An extruded foam that fills large cracks, crevices, and joints before sealing them up with caulk or sealant.
Many roofing contractors use sealing materials around openings on the roof, such as windows and pipes. This method creates a sealant barrier to prevent water damage.
A structure built onto the sloping face of a roof for architectural detailing, ventilation, or extra space.
A pipe or tube that carries rainwater from the guttering system to a drain.
7. Drainage System
A system of pipes, gutters and drains that direct water away from the roof. It is essential to keep this system working correctly to avoid costly water damage. Consider cleaning it as a part of roof maintenance.
8. Drip-Edge Extension
It is a metal flashing used around the perimeter of a roof. It helps to direct water away from the edge and onto the gutter or downspout while also helping to protect the fascia board underneath.
9. Drop Outlet
It is the connection between the gutter and the downspout. A piece of metal attaches to the channel and directs water into the downspout.
The lower outer edge of the roof that extends beyond the side of a building, often where water runoff flows.
Angle pieces allow redirecting water flow.
12. Fascia Board
This board runs along the lower edge of a roof, typically made from wood or metal. It supports the gutter system and helps direct water away from walls.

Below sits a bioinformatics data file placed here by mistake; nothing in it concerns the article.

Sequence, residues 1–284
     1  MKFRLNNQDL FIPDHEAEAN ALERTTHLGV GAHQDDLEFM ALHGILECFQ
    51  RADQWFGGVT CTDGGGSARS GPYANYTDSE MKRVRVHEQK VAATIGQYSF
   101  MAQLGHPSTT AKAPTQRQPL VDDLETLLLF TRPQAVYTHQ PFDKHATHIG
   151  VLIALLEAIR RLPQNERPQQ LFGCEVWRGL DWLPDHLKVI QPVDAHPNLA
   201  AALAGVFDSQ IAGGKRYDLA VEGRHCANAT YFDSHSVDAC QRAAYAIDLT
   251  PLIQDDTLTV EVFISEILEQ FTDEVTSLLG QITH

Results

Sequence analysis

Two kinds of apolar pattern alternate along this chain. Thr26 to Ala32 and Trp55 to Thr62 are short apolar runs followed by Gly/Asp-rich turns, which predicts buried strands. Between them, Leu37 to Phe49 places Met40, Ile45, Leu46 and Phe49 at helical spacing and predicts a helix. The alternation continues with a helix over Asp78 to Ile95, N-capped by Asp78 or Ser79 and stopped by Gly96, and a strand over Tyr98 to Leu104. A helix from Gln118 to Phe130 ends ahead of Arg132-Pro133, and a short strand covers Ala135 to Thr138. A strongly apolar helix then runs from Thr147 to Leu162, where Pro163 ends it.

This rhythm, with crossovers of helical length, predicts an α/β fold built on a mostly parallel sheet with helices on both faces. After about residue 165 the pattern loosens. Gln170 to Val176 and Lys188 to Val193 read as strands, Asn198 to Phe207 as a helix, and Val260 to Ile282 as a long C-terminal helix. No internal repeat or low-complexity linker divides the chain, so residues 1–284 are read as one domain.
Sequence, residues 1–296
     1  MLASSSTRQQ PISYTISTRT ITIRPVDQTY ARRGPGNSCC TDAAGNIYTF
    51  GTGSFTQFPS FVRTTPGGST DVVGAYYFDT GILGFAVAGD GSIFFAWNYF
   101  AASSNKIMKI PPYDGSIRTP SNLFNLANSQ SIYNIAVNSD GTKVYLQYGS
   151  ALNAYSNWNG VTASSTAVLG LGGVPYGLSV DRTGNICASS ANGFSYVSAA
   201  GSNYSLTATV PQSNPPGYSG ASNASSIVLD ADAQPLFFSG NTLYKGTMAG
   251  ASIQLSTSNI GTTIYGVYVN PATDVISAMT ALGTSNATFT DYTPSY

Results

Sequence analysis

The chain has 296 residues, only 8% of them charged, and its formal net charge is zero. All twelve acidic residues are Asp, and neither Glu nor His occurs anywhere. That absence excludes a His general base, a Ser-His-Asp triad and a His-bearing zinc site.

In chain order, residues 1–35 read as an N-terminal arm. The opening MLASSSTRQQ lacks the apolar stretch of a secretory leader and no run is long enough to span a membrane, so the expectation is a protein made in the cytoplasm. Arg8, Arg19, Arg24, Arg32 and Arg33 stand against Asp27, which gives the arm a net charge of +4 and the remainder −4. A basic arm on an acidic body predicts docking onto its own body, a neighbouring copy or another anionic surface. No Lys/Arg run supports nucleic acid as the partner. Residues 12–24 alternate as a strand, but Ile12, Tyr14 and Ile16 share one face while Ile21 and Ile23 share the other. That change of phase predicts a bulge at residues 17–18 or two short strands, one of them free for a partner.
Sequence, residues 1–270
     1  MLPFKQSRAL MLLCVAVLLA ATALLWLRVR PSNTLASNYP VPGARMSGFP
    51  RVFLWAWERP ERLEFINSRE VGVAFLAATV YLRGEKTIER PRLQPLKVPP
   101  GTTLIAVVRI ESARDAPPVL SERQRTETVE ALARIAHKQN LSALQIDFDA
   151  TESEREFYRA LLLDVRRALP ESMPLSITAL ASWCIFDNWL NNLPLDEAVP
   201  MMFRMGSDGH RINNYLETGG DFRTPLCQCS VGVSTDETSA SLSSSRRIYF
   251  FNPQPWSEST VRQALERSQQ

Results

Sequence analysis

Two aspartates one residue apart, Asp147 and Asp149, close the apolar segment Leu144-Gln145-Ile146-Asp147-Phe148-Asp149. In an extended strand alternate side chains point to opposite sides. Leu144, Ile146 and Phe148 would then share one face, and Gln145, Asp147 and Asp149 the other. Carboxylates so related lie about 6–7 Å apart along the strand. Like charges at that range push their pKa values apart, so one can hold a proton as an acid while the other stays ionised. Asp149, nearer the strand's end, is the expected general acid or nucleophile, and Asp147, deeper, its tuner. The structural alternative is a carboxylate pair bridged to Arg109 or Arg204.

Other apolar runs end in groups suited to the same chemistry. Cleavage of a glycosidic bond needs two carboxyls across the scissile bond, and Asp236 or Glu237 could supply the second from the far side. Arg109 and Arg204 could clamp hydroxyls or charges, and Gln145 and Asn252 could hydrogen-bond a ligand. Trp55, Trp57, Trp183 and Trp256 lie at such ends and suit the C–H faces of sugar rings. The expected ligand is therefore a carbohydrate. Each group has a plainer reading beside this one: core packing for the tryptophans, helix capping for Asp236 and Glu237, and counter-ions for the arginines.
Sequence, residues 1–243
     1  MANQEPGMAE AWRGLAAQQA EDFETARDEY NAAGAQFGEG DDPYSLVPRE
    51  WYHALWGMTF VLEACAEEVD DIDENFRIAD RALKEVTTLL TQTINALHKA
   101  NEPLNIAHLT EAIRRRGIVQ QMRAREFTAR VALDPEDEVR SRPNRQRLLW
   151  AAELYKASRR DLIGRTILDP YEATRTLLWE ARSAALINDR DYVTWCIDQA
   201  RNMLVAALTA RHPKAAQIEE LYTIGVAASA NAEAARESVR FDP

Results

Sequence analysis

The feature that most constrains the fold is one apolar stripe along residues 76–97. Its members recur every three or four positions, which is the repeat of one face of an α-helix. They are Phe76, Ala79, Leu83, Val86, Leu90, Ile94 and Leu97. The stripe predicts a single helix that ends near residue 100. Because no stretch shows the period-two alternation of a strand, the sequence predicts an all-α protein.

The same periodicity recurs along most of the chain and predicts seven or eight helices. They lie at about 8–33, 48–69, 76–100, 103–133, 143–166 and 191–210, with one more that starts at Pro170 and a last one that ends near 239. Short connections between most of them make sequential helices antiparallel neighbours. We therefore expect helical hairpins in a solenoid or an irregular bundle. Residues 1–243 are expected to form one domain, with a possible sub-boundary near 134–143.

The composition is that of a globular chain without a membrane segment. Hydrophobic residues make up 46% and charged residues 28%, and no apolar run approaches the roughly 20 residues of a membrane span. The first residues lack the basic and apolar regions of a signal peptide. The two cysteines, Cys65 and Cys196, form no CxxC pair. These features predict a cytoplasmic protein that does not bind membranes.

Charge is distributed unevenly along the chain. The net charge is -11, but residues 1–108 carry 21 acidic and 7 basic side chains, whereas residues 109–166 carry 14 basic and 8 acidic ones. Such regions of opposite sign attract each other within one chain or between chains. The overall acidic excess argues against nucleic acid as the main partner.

13. Fascia Replacement
It is replacing existing fascia boards due to damage or deterioration. It’s often a common problem that roofing contractors are asked to fix.
This sheet metal is installed in roof valleys and around chimneys, skylights, and other penetrations on the roof. It helps direct water away from these areas and protects them from damage due to water infiltration.
Gutters are channels that run along the edge of a roof, typically made from aluminum or vinyl. They collect and divert rainwater away from the foundation and direct it to downspouts.
A hanger is a bracket mounted to the fascia or rafter tail and supports the gutter. Hangers are typically made from aluminum, but galvanized steel can also be used.
17. Inside Mitre Box
The inside mitre box is a joint that connects two gutters at an angle. It’s essential to ensure the joint is secure and has no gaps for water infiltration.